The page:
Extraordinary Care and Love: Zinash’s story

Zinash with her baby

Zinash’s story transformed from struggle to joy through the extraordinary care and love of the staff at Hamlin Fistula Ethiopia. For Zinash, being referred to a Hamlin fistula hospital was life changing, and the care she received would end her suffering from fistula once and for all. Living in a small rural town in southern Ethiopia, Zinash’s story highlights the importance of access to quality maternal health care in preventing and treating obstetric fistula.

The importance of health care throughout pregnancy

As her town had relatively good access to health care and educational facilities, Zinash attended school until she got married and began to start a family. Greatly concerned for the health of herself and her children throughout pregnancy, Zinash and her husband followed professional advice and received care at their local medical clinic throughout the pregnancies of their three children. Zinash also went to the government hospital in her hometown to deliver her children.

A devastating childbirth injury

It was during the delivery of her third child that Zinash encountered obstetric fistula. As she had done with her previous pregnancies, Zinash knew that she was entering labour and headed to her local hospital to deliver the baby with the assistance of trained medical staff.

Due to several delays, Zinash stayed in the hospital for almost an entire day. Through surgery, Zinash gave birth to a healthy daughter – however the prolonged labour resulted in obstetric fistula injuries. These injuries were unfamiliar to Zinash, as it was her first time hearing of fistula.

Recognising Zinash had suffered a fistula injury, staff at the local hospital told her about the treatment available for her childbirth injury at Hamlin. The hospital staff felt confident in recommending Hamlin as they understood the specialised and holistic treatment available for fistula patients at Hamlin’s six regional fistula hospitals.

Zinash was advised to recover at home for three months before seeking treatment at Hamlin; she recalls these three months as an incredibly difficult time in her life. “I felt ashamed and shocked by the situation I faced. I didn’t believe that I would be cured – even after the hospital staff told me about Hamlin’s fistula hospitals. The three months I dealt with fistula were as long as three years. I became aggressive and grouchy, even with my children,” she says.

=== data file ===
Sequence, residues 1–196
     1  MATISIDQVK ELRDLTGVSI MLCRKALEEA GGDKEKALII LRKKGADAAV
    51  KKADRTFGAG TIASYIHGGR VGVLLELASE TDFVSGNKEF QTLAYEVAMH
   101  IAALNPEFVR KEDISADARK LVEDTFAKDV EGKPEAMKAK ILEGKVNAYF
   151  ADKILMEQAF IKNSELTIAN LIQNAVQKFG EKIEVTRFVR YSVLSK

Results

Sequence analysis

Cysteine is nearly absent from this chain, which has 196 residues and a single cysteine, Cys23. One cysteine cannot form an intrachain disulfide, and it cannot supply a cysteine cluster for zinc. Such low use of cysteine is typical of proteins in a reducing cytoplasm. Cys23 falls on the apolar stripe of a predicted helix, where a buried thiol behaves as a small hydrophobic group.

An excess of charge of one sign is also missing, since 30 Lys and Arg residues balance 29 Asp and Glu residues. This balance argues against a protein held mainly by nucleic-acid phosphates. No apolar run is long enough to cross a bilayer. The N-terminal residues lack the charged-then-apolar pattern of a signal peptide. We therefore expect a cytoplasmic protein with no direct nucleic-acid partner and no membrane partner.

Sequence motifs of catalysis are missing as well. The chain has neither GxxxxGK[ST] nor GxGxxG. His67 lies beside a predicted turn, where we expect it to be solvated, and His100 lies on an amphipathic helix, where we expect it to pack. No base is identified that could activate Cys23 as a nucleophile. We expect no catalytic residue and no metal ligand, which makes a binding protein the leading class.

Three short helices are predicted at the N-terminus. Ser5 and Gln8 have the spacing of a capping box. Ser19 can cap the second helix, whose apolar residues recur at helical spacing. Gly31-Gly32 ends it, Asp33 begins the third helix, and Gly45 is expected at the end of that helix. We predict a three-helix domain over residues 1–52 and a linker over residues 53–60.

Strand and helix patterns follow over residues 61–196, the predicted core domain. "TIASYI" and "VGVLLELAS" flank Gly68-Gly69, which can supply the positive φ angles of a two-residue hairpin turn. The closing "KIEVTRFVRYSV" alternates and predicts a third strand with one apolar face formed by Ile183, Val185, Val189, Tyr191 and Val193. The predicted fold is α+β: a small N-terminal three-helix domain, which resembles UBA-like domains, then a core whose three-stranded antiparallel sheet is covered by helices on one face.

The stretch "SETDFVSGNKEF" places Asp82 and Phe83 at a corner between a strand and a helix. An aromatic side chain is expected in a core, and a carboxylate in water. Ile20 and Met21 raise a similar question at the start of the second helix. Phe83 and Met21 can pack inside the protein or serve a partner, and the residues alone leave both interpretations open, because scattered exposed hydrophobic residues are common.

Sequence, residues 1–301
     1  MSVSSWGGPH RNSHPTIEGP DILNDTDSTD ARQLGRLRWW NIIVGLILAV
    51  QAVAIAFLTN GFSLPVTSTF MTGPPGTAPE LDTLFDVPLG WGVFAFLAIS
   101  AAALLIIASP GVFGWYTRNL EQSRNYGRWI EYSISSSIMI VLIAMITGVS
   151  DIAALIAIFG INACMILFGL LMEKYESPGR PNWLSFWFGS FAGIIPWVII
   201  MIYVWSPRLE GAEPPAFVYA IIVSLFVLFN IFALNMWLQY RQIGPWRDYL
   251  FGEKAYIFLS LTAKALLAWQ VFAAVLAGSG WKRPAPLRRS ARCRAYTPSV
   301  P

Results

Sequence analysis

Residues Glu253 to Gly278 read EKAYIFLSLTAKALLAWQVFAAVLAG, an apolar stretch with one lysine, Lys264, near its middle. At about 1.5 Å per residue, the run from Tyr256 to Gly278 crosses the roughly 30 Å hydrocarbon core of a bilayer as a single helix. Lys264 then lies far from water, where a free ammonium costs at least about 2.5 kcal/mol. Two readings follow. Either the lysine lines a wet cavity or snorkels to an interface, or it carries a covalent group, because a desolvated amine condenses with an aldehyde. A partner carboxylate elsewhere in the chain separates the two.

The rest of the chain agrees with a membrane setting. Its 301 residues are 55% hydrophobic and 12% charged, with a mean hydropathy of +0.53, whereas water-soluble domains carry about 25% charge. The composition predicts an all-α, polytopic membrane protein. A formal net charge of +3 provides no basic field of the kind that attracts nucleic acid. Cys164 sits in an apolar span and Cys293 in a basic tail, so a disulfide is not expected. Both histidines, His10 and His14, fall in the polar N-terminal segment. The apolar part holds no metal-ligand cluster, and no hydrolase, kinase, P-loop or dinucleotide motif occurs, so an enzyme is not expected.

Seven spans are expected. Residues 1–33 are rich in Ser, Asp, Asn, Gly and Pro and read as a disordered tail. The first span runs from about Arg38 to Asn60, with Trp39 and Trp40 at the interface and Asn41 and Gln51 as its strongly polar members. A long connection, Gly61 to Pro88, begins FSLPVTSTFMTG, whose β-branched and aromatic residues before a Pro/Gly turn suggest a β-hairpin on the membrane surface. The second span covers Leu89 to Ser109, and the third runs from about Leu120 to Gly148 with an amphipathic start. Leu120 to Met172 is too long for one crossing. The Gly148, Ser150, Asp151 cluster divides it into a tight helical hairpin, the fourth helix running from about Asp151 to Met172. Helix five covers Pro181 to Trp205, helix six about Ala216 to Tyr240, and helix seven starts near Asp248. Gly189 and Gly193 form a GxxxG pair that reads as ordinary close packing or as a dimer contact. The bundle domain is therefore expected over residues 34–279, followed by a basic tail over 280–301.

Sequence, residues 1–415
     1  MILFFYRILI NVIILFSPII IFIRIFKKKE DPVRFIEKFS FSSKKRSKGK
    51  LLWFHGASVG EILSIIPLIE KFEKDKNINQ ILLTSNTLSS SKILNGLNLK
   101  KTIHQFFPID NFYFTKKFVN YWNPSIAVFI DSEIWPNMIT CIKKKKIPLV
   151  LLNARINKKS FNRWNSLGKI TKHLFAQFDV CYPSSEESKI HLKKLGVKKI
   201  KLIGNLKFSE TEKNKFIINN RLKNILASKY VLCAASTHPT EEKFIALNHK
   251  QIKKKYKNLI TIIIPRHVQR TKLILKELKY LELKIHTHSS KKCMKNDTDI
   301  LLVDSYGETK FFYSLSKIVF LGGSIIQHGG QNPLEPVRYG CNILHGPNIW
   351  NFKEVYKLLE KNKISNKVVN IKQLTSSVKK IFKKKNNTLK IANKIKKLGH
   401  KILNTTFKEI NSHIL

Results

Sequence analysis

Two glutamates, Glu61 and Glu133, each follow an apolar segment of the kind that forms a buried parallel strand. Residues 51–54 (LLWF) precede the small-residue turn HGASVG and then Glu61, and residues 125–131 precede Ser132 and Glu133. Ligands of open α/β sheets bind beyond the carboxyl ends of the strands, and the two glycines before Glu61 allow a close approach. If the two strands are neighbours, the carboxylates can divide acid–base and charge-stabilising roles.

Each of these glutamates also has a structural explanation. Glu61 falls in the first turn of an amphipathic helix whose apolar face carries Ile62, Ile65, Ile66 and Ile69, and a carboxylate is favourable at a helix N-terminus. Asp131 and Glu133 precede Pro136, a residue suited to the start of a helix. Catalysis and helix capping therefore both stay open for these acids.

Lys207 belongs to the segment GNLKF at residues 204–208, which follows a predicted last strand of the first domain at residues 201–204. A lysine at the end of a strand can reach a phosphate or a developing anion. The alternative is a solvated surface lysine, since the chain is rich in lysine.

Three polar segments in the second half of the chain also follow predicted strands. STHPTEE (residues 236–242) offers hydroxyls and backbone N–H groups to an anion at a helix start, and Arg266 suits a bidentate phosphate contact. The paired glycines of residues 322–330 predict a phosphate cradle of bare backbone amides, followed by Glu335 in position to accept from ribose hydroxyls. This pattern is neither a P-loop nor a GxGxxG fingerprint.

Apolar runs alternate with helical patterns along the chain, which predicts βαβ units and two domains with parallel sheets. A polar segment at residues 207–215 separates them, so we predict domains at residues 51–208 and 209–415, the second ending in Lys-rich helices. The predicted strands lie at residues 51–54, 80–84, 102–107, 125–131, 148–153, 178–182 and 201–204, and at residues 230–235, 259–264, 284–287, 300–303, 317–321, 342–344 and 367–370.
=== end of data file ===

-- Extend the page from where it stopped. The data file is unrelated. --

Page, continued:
A cure once and for all

Following her time recovering from the birth of her daughter, Zinash arrived at Hamlin’s Yirgalem Fistula Hospital with her husband and newborn baby. Zinash received a cure for her fistula injuries after just two weeks at the hospital. “I never expected such an extraordinary care and love. This hospital means a lot to us, especially for poor rural women who have no one to help. We are blessed to have your hospital in the region,” says Zinash.

Providing a cure for every fistula patient

Zinash’s story shows the importance of being referred to a Hamlin fistula hospital after a woman is identified to have a fistula injury. Hamlin is working to educate more communities about fistula and the treatment available to Hamlin fistula hospitals through our Patient Identification Program. By identifying women suffering from fistula and referring them to Hamlin to receive care, we can prevent the extended suffering of women experiencing fistula.

Additionally, teaching people about the dangers of obstructed labour and recognising when to seek medical help plays a significant role in ensuring women do not develop fistula in the first place. The work the local hospital staff in recognising Zinash’s injuries and referring her to a Hamlin hospital ensured that she had timely access to treatment and support. For Zinash, her fistula injuries were cured entirely with one surgery that, in some instance, can take an hour to complete.

One fistula-repair surgery changed Zinash’s life forever. Help us offer support to more women suffering from fistula in Ethiopia by making a donation today.

Written by Anna Norden, intern at the Catherine Hamlin Fistula Foundation.

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